Always was, always will be Jinibara country Elder - Aunty Edna Lourey

Mary Cairncross Scenic Reserve is situated within Jinibara country.

In 2012 the Jinibara Traditional Owners, had their rights formally asserted by the Native Title Tribunal across the Maleny area, as well as parts of the adjacent Glass House Mountains, Somerset, Moreton Bay and Brisbane Council areas.

Council proudly acknowledges the Jinibara People's heritage and ongoing connection to country. We pay respect to elders past, present and emerging.

The Jinibara People are the mountain people. Their name means "people of the lawyer vine" (bara meaning "people" and Jini meaning "lawyer vine"). They are therefore the traditional people who live in the mountains and valleys where lawyer vine grows.

The Jinibara People consist of four sub-groups or clans:

  1. the Dungidau centred on Kilcoy, Villeneuve and Mt Archer area,
  2. the Dala from around Woodford and Mt Mee,
  3. the Nalbo of the Blackall Range and much of the Glasshouse Mountains, and
  4. the Garumngar from the rolling country between the Brisbane River and what today is the southern edge of Brisbane Forest Park around Lake Manchester and Mt. Crosby.

Today, the Jinibara families represent all four sub-groups, and work together cohesively through the Jinibara People Aboriginal Corporation (JPAC).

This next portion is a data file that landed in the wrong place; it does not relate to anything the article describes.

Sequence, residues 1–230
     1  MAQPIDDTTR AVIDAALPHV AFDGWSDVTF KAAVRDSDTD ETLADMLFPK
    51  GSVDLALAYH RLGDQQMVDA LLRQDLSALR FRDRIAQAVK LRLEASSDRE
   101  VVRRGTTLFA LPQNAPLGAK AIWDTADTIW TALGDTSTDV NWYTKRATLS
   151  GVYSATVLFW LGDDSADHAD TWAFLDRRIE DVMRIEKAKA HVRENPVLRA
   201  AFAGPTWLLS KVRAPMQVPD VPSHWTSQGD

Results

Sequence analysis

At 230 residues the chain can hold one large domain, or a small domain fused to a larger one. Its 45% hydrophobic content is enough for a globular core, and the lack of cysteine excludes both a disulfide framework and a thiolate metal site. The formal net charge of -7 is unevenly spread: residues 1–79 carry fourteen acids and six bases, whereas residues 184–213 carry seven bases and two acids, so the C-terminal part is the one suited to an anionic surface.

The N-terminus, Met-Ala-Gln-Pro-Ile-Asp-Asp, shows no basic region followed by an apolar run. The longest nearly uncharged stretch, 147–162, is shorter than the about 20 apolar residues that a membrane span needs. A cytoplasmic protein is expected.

Contrary to popular perceptions, life for the Jinibara People in traditional times did not involve a nomadic relentless search for food. Rather, traditional country was bountiful, and individuals had their own specialised personal responsibilities for providing for the group. Each clan of the Jinibara People had a few places where camps were erected on an annual basis, providing people with a consistent lifestyle in an area for several months.

Today, the Jinibara People continue their connections with their traditional country, and maintain their places, areas and sites of significance. They have the right under native title to "maintain sites, objects, places and areas of significance to the native title holders under their traditional laws and customs and protect by lawful means those sites, objects, places and areas from physical harm or desecration".[1]  

 Members of the wider community who would like to:

  • book "Welcome to Country" introductions, cultural talks or workshops
  • engage the Jinibara Song and Dance Troupe
  • have questions or concerns about areas and objects 
  • wish to check that their activities will not impact on Jinibara places, areas and sites of significance 

are always welcome to contact the Jinibara People directly for advice and costs of cultural heritage activities. 

Contact details for the Jinibara People Aboriginal Corporation (JPAC):

Email: maton82@yahoo.com.au

Tel: 0426 121 939 or 0474 272 883 

 

[1] Agreement under S 87 of the Native Title Act 1993 (Cth) (No QUD 6128 of 1998)



Protecting our forest

You will come across plenty of the animals in the reserve. We recommend not to get too close as this may provoke them. Feeding animals in the reserve is also not allowed.

Want to know more how can you help protect our forest? View more

How was the reserve founded?
Conservation through foresight and generosity Recent history

European settlement brought timber getters to exploit the giant hardwoods of the Maleny plateau.  Thanks to the vision and generosity of the Thynne sisters, this rainforest was protected and continues to be an island of biodiversity in the landscape.


Learn more